old curtains

15 Alternative Uses for Curtains (Not on Windows)

Curtains are often made from high-quality fabrics, and when it comes to redecoration time, you may be quite reluctant to get rid of your old drapes and curtains. When I decided to fit blinds in my living room, I didn’t want to just throw away my old curtains. But what could I do with second-hand curtains? The real question is actually: What can’t I do with second-hand curtains? 

Old drapes can be used to make amazing and useful home decor projects such as sofa covers, new cushions, wallpaper, shopper bags, bedspreads, headboards, and more. 

15 Alternative Uses for Old Curtains Around the Home, But Not on the Windows

Curtains essentially offer you a large section of fabric, with the bonus that there may be some great fabric trim on the curtains. With this section of fabric, you can make and design any number of great ideas for your home. 

1. Old Curtains as a Tablecloth

With a great curtain, you can easily make a durable and beautiful tablecloth. With a bit of luck, you may not even have to sew anything. Simply use a small pair of scissors to snip through the stitching holding the curtain tape in place and let the curtain loose. Wash and iron your curtain, making sure the curtain is clean and flat. 

Lay the curtain out on your chosen table. If your table is too small for the curtain, you can consider hemming it, or you can use drawstring ribbons to create a little play fort for the little ones. 

2. Old Curtains as Placemats and Napkins 

When you have some skills at the sewing machine, consider upcycling your old drapes into fashionable placements and napkins

Simply cut the desired size for the napkins and placemats from your old curtains, then fold the edges over into a half-inch seam, sticking them in place with sewing glue.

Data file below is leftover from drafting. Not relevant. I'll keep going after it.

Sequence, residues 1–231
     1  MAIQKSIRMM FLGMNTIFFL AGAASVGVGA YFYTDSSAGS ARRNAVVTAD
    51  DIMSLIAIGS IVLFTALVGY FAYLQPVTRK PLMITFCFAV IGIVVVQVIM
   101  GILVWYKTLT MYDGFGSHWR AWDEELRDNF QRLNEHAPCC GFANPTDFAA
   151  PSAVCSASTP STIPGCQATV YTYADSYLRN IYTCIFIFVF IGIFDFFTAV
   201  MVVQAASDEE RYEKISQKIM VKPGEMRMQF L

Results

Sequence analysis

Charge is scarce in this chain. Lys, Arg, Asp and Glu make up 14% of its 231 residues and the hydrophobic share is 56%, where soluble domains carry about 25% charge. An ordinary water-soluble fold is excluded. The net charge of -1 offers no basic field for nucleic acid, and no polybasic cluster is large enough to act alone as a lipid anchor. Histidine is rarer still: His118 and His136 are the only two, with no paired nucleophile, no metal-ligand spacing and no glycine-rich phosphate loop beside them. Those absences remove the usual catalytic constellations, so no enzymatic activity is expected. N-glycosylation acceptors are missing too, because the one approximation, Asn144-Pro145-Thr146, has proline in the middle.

3. Faux Wallpaper 

If you are renting and can’t repaint the walls or perhaps you want a quick fix to hide an ugly wall, you can easily install a curtain rod at ceiling height, then hang your old drapes as a type of wallpaper with a one and a quarter times gather so the patterns can be fully revealed. 

If your curtains are too short to reach from floor to ceiling, you can always add a few layers, creating a ruffled look at the bottom.

4. Demarcate Spaces

Open plan living is all the rage, but some delineation between living spaces in an open plan is still desired. Adding an extra ceiling to floor length drape to edge openings between spaces can create the illusion of two separate rooms. 

5. Replace Doors

Moving into a room where the dressing room has no door is no longer a problem. Simply edge the doorway with a single curtain that ties to the side or use two panels for a more symmetrical appearance.  

6. Bed Canopy

If you are recycling some old lace or voile curtains, why not turn them into a bed canopy? Simply add a curtain rail against the ceiling, letting the curtains hang on this “frame” to complete the bed canopy. 

7. Dutch Lace and Valance to Apron

Dutch lace or valance can be used to make a fashionable apron or waste paper basket fringe. Alternatively, tie a section of Dutch lace with a ribbon to make a window angel. Simply add a few pipe cleaners to finish with wings. 

8. Garlands for the Festive Season

If you’ve got some bright-colored curtains sitting in a cupboard, you can cut strips of fabric and tie these to a string, creating a festive garland to use when it’s the holiday season. 

9. Wrap Up Your Bed Nook

Students often have a bed nook or bunker curtain to ensure their roommate doesn’t disturb them at night. You can use some old drapes to achieve the same look. Simply open the curtain taping at both ends, then run a curtain wire through, securing it in place on both sides of the bed on the ceiling with strong cup hooks. 

10. Save on Door Space